Bulletin - - Credit Suisse Youth Barometer - Steven F. Althaus, Head Global Mar­ket­ing & Brand Com­mu­ni­ca­tions

“Don’t let them get you down. Be cheeky and wild and won­der­ful,” said Astrid Lind­gren, author of Pippi Long­stock­ing. When you’re young, you can be wild and make mis­takes. You should cast aside your in­hi­bi­tions and en­joy your­self. This was a com­mon opin­ion in the 20th cen­tury; peo­ple would re­fer to the “priv­i­lege of youth.” To­day, when we talk about a “gen­er­a­tion” and its “priv­i­lege,” we’re more likely to be talk­ing about the baby boomers – a gen­er­a­tion that has never had to worry much about jobs, and one that is now re­ceiv­ing full pen­sions.

To­day’s young peo­ple are fac­ing enor­mous chal­lenges, with tech­no­log­i­cal ad­vances bring­ing con­stant change to the la­bor mar­ket. Ac­cord­ing to the 2018 Youth Barom­e­ter, a large per­cent­age of 16to 25-year-olds in the United States, Brazil and Sin­ga­pore are anx­ious and worry that their jobs may not even ex­ist in the fu­ture (in Switzer­land, the sit­u­a­tion is viewed some­what less pes­simisti­cally). So they are putting their money into sav­ings ac­counts, dream­ing of buy­ing a home rather than tak­ing a trip around the world, and avoid­ing drugs. It is strik­ing to note that mem­ber­ship in groups like clubs and youth or­ga­ni­za­tions is on the de­cline.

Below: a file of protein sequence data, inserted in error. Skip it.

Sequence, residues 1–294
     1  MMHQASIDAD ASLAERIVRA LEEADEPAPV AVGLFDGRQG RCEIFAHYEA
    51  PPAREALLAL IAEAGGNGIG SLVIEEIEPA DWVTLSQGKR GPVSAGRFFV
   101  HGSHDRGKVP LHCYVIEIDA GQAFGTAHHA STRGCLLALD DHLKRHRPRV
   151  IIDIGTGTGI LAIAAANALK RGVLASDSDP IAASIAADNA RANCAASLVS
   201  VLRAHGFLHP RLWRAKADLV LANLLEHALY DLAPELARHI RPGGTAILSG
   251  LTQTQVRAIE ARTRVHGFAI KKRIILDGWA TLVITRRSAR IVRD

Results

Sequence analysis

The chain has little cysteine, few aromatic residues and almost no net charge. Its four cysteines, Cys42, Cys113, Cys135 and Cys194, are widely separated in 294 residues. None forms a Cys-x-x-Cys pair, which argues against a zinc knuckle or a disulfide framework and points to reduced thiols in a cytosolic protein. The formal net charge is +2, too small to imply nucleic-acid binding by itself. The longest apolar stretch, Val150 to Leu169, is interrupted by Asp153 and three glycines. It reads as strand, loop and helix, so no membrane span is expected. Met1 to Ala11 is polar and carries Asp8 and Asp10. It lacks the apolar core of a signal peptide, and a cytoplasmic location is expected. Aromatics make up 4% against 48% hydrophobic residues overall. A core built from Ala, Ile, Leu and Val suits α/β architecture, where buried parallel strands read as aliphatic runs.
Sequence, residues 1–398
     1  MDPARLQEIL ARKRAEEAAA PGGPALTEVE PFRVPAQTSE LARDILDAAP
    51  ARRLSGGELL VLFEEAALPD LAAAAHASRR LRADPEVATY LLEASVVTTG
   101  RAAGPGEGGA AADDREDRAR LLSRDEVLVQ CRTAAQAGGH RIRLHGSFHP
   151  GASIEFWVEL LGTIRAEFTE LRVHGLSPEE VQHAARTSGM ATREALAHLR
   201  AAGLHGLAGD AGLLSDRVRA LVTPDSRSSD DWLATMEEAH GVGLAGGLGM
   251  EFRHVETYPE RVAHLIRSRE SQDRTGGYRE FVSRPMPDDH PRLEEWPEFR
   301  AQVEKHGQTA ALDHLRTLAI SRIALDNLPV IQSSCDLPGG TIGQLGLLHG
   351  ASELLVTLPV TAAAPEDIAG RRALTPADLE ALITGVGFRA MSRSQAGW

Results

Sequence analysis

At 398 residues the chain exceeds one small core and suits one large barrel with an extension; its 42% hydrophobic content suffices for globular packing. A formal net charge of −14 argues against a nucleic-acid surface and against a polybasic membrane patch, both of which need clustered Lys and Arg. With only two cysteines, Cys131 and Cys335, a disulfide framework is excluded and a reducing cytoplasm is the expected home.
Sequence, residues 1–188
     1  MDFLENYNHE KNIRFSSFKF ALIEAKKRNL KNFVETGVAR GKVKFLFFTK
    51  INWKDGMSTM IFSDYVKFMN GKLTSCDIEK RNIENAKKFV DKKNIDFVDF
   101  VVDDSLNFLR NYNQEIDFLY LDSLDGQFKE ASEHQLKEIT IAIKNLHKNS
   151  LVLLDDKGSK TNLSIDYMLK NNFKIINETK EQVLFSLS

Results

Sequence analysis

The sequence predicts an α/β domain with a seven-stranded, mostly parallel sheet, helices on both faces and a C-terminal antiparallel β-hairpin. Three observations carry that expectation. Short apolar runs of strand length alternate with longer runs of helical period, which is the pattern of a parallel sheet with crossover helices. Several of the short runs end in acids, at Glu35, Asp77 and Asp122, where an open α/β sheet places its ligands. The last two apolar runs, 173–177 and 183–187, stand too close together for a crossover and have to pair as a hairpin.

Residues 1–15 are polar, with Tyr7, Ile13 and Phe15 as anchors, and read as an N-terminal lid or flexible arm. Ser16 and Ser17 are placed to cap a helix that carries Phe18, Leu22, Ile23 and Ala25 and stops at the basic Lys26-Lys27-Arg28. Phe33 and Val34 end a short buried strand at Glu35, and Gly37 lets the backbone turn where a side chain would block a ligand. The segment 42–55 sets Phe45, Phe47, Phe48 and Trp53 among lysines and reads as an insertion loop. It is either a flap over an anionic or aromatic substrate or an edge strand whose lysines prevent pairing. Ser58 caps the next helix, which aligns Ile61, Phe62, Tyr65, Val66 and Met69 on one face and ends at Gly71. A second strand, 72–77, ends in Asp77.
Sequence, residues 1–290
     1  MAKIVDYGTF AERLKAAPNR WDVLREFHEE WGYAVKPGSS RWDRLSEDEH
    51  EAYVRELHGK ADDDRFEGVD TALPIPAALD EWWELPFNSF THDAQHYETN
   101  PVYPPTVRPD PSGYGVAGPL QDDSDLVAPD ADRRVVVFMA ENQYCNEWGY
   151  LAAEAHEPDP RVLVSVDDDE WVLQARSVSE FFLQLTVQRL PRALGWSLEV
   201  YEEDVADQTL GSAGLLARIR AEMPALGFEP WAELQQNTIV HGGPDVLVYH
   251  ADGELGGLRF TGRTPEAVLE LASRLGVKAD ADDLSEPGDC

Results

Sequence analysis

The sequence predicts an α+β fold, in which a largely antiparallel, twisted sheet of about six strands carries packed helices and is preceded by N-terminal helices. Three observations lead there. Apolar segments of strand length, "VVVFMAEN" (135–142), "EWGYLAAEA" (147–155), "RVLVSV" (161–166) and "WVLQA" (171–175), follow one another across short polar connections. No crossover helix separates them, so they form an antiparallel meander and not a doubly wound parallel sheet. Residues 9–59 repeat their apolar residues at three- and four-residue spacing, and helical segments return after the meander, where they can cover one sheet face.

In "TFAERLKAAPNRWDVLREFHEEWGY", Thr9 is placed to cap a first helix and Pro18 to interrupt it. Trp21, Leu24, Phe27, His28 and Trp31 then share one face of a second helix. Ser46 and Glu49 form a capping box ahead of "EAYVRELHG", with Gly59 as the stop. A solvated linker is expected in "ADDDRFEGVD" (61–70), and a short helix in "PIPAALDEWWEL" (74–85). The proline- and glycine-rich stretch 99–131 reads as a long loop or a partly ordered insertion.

“Mil­len­nial val­ues” is one of Credit Suisse’s su­pertrends – one of what we have iden­ti­fied as the five most im­por­tant so­cial changes of our time. United Na­tions data shows that peo­ple born af­ter 1980 make up nearly 30 per­cent of the world’s pop­u­la­tion. If we want to sell to them, hire them or sim­ply hold a civ­i­lized con­ver­sa­tion with them, we need to un­der­stand their con­cerns. The eighth Youth Barom­e­ter pro­vides the nec­es­sary in­for­ma­tion. I hope you will find this pub­li­ca­tion both in­for­ma­tive and en­joy­able.

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